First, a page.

Chess has had a lengthy and historic past, arguably being one of the first massively successful board games in Europe, and with variations played all throughout the world. However, Chess has seen yet another online Renaissance in 2020 as home-bound players are taking up the ancient game in record numbers.
Chess, from the medieval period to 2020
Chess has become a historical and cultural phenomenon which has lasted centuries. The game is believed to have originated somewhere in India more than 1500 years ago. It eventually made its way to Persia, modern day Iran, and then through the Arabian world to Spain where it made its way into Europe.
Each society and culture altered and iterated upon the game until the European version of Chess was invented sometime in the 15th century. Since then, the only changes to the game have been relatively small, such as normalizing turn order and board placement, with the occasional highly specific rule created and granted a French name such as the en passant or j'adoube rules.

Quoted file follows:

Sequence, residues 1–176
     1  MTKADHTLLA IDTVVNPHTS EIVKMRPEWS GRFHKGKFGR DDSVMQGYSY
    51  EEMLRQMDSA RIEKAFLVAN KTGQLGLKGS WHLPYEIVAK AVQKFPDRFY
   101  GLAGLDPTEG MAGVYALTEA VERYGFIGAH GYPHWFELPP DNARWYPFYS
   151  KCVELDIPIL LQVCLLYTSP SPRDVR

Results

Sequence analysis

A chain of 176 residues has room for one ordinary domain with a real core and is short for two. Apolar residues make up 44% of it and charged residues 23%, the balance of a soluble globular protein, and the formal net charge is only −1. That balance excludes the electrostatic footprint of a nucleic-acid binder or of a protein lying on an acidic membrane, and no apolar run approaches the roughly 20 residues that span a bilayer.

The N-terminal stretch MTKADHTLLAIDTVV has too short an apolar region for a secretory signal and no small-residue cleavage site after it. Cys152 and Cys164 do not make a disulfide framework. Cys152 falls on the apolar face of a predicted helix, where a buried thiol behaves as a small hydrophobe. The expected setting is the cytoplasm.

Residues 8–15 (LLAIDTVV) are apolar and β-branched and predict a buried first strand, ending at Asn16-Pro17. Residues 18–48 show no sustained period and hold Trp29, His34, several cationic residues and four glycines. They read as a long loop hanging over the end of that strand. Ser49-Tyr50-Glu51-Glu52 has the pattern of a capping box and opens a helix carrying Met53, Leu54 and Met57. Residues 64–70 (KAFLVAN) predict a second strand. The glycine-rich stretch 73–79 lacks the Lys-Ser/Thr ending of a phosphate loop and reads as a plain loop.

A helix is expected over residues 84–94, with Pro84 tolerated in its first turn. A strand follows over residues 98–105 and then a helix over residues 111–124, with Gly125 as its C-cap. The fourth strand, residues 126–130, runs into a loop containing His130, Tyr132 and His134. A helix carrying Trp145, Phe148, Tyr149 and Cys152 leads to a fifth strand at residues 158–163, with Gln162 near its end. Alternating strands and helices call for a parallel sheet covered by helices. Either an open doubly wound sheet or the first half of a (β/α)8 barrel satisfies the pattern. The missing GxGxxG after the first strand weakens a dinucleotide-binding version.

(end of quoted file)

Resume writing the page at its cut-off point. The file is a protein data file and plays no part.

Now, this version of Chess is widely available for free online, and with the sudden increase in people needing to stay isolated in their homes it makes sense that online Chess is experiencing a significant increase in popularity.
Where to play and who to watch
Chess can be played online just about anywhere, but Chess.com and LiChess.org are two highly used websites where players can play for free. If you’re interested in watching some Chess, either for fun or to learn, check out TSM Hikaru Nakamura (YouTube, Twitch) and GothamChess (YouTube, Twitch).
That said, part of the Renaissance is that there are plenty of players and ways to play to be found, so be sure to look into the game however it appeals to you. If you want to learn strategy, grind tactics, and improve, then there are plenty of resources out there. If, however, you’re looking for a more casual affair then you may want to check out one of the variants below.
Part of being a game that has its origins in the 6th century means that there have been hundreds, if not thousands, of different variants created to play. Of course, perhaps the most well known variants are those that ended up becoming complete games in their own rights.
These include Xianqi in China and Shogi in Japan. The believed progenitor of all of these games, Chaturanga, is unfortunately no longer played, however Chaturaji was reportedly played regularly as recently as the 19th century.
Modern variants, not tied to centuries of cultural development, include the Chess960 (also known as Fischer Random) variant which randomizes the back row, with 960 different possible arrangements to play from.
No matter how you want to play, however, there is almost certainly a Chess for you.